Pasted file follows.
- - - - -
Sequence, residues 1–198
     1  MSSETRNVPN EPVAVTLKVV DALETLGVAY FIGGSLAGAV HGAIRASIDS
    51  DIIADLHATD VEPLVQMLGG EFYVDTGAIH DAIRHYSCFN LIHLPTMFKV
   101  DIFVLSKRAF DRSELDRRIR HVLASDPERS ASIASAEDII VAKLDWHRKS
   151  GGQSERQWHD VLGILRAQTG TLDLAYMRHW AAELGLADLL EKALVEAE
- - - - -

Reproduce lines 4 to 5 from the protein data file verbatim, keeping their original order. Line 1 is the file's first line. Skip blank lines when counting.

   101  DIFVLSKRAF DRSELDRRIR HVLASDPERS ASIASAEDII VAKLDWHRKS
   151  GGQSERQWHD VLGILRAQTG TLDLAYMRHW AAELGLADLL EKALVEAE